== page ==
Harbour Formalities

A good harbour

When calling at a port, it is the responsibility of the master of the ship or ship's owner to verify the following technical parameters:

The Limits of the Harbour
This can be important to determine where the pilot must be boarded or to determine when the ship is an "arrived ship". The latter is important to calculate the laydays in accordance with the terms of the Charter-Party.

Anchorage or Anchorages
Especially important if the ship carries dangerous goods and is required to anchor in an isolated place for safety reasons.

Eventual Restrictions
Especially important for vessels entering a harbour, for example at night or in accordance with the tide or draught of the vessel. Always plan the voyage in such a way that the ship can enter the harbour when the tide allows, with minimal delays. Attempt to avoid delays at all costs.

The Maximum Dimension
Before securing the Charter-Party be sure that the vessel does not exceed the allowed dimensions (length, width, displacement, air draught, draught)

Locks
Locks are often the cause of delays and can be the cause of extra damage.

Tugs
  • The number and power of available tugs.
  • The number of tugs the ship is obliged to take.
  • The place where the tugs have to be moored and which tow lines must be used (i.e. those from the ship or those from the tug).
  • The pilot will usually give enough information. In some harbours, the use of tugs is not required. In other harbours, the use of tugs is mandatory.

    To avoid an unpleasant and possibly costly surprise, always inquire about the price of tug service in advance. The decision to use tugs or not, for cost reasons, should never be made at the expense of the safety of the ship or the harbour.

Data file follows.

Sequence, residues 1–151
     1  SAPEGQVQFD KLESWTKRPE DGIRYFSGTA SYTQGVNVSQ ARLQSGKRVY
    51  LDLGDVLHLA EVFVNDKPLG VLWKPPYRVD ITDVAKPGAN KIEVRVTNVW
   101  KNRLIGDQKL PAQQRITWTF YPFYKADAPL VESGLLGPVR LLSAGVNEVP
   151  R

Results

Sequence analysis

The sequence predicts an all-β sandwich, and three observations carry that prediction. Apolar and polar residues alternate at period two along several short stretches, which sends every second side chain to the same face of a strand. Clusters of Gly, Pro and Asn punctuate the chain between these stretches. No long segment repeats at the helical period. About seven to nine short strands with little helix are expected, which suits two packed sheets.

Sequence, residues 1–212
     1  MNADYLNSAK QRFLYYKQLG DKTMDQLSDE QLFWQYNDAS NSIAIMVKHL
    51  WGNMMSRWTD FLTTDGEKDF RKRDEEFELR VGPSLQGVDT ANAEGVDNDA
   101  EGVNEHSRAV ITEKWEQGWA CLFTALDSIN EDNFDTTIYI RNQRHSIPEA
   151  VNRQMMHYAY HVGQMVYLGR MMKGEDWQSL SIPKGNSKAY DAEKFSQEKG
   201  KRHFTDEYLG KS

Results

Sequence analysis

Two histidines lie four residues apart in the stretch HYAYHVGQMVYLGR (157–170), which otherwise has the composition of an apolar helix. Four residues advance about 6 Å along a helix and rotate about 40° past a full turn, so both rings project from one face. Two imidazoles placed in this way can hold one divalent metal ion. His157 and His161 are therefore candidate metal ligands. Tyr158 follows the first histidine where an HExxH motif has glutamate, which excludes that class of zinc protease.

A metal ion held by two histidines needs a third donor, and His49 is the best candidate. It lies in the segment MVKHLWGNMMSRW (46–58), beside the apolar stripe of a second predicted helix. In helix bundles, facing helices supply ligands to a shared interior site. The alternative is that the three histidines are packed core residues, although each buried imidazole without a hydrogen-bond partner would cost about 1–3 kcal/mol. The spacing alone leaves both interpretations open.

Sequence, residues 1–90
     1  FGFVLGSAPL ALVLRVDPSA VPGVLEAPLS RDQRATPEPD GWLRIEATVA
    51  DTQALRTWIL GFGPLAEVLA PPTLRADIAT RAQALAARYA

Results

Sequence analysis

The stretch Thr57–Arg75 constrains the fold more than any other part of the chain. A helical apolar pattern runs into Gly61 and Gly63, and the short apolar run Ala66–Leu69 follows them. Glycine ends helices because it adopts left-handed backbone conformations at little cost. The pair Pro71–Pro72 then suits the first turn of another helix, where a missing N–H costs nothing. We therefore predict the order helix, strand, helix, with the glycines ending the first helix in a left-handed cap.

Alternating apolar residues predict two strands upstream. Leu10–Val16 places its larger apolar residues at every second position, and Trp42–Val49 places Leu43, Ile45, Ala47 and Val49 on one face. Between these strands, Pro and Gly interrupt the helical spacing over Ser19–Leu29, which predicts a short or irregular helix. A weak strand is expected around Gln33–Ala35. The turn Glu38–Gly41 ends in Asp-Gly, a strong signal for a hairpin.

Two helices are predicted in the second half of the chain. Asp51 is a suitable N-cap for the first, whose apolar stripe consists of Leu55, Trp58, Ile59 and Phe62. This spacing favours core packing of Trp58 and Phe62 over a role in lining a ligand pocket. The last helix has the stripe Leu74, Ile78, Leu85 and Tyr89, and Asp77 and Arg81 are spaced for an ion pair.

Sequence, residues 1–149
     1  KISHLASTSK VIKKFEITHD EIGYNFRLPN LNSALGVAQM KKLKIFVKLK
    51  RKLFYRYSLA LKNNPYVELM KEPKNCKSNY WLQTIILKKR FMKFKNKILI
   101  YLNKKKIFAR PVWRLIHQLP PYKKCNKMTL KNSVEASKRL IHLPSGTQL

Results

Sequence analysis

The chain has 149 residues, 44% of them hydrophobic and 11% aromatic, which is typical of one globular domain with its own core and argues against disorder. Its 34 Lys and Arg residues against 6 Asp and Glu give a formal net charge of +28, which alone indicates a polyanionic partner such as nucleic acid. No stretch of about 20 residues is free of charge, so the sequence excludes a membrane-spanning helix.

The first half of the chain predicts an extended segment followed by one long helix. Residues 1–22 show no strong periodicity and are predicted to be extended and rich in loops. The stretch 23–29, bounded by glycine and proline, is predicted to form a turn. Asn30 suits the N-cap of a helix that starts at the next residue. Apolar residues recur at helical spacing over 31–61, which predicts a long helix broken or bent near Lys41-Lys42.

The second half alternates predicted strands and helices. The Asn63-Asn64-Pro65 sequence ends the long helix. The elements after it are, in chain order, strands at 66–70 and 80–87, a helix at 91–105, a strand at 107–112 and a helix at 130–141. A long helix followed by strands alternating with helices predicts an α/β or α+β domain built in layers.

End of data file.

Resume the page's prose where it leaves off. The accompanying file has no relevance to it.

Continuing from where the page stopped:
Mooring Berths
Assemble as much information as possible: length of quays, depth alongside, maximum draught at low water, available loading and discharging installations, number of sheds, hangars or terminals, etc.

Bridges
The times the bridges can be passed. Also obtain tolerances regarding width and height.

Pilotage
  • Is pilotage mandatory?
  • How to contact the pilot station?
  • How many hours before arrival must you transmit your ETA?.
  • What are the VHF frequencies of the pilot station?
  • How can the pilot boat be identified?
  • Which signals are to be used?
  • Where is the pilot station located?
  • Under what circumstances would the pilotage be suspended?
  • What actions should be taken in the event of pilotage interruption? (i.e. sail without a pilot, go at anchor?, etc).
  • Is there a shore radar service that can assist you?

Radio Stations
Frequency and call sign of the radio station that allows you to transmit your ETA or to contact your agent.

VHF
Any information regarding:
  • approach and presence of hazards;
  • shipping movements;
  • berthing prospects;
  • harbour facilities;
  • quays;
  • quarantine;
  • etc.
Radar
Any information regarding:
  • port radar service;
  • Vessel Traffic Management Service (V.T.S.);
All information about harbours can be found in www.maritimeknowhow.com/harbour(under construction) and in specialized publications such as, Guide to Port Entry (http://www.portinfo.co.uk/) or Ports of the World (http://www.ports-of-the-world.org/)